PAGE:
Photographed from above the Holt Quarry on Dale Road, this view of
Matlock is a slightly unusual one. In the bottom right corner
is the railway line, which at the time the photograph was taken
ran from Manchester Central Station to London St. Pancras. Although
we can't see, it the railway crosses over the A6 at this point
on a large arched bridge before disappearing into the tunnel.
The River Derwent, in the centre of the picture, is flowing towards
the steep sided gorge of Matlock Dale, with the public footpath
hugging the far side of the riverbank on a narrow strip of land
below Pic Tor and St. Giles' Church.
The upper storeys of Brown's (left) and the Derwent (right)
temperance hotels on Dale Road.
Brown's became the Trevelyan and then the Matlock Club.
In the late nineteenth century it was apparently the habit of local
boys to stand on the Pig Tor Rock (Pic Tor by the time of this
postcard) on Sunday afternoons and see how far they could throw
stones. Unfortunately, in 1891 John Lowe of Matlock Town hurled
a stone through the window of Miss Marriott's Temperance Hotel
(called Brown's) and was fined £1
2s 6d by the Matlock Police Court.
He must have been good at throwing as it was quite a long way.
Just behind the hotels is a grassy area with what looks like paths
or tracks on it. This land had been part of a Rifle Range that
was on land between Dale Road and the river, covering about three
quarters of the area from the present railway bridge to the County
Bridge in the early part of the nineteenth century.
In December 1896 it was announced that a new cycling
track was being laid at Matlock, and would ready for use by the
It was to be on land owned by the Old English Hotel. Arthur Wall,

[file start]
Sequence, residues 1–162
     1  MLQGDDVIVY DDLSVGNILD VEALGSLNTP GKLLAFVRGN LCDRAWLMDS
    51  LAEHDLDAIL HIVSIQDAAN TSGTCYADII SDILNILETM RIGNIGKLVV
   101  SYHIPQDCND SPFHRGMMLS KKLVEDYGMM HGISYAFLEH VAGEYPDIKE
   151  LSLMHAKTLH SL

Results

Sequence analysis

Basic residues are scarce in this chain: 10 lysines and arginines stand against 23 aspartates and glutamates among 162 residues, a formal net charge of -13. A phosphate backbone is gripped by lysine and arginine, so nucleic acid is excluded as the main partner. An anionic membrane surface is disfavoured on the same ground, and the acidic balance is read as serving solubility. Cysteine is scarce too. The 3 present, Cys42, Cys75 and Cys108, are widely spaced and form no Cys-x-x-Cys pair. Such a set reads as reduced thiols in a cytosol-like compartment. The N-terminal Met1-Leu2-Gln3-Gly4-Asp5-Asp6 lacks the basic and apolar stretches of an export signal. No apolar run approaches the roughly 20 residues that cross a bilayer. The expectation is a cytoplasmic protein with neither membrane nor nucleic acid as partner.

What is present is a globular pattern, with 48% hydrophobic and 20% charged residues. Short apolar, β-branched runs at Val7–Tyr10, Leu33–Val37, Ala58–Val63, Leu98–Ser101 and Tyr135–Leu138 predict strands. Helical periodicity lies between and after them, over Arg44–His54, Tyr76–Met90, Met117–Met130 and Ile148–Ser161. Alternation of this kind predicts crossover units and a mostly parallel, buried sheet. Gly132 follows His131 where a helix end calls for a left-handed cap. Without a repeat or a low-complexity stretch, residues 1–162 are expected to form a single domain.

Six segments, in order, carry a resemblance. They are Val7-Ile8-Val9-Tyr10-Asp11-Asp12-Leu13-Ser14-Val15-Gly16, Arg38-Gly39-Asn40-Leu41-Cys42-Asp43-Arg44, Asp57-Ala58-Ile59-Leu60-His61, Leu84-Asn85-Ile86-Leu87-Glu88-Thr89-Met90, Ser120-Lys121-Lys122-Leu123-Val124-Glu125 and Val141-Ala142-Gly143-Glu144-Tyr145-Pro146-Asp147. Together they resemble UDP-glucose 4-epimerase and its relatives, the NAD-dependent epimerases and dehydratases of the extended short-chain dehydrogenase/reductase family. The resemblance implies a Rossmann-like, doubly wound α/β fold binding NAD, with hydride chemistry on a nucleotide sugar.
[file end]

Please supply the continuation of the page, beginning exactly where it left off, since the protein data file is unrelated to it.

landlord of the Old English, was a keen cyclist and
won many trophies. The paths in the picture are actually part of
the oval track that was used by Matlock Cycle Club members from
1897 until 1914. The line behind the track (that looks like a straight
path) was not a path at all; it was actually a row of three tennis
nets and, if you look very closely, you can see the tram lines
marked out on the courts. At least one of the houses in Derwent
Avenue are believed to have the remnants of the track in the garden.
The next image shows
a little more of the track.
The Old English Hotel Co clearly intended to put a bridge across
the river at the corner of their land to make a way to Matlock
Green and Town at one time. The Articles of the Old English Hotel
Co, which was incorporated in 1881, included a copy of a plan from
the deeds showing the path heading to the river and "suggested
The buildings in the centre of the photo are the Almshouses at
the end of Causeway Lane, Knowleston Place and some of Matlock
Green. Causeway Lane is just about visible. The road to Tansley
and Alfreton (the A613) disappears off over the hill.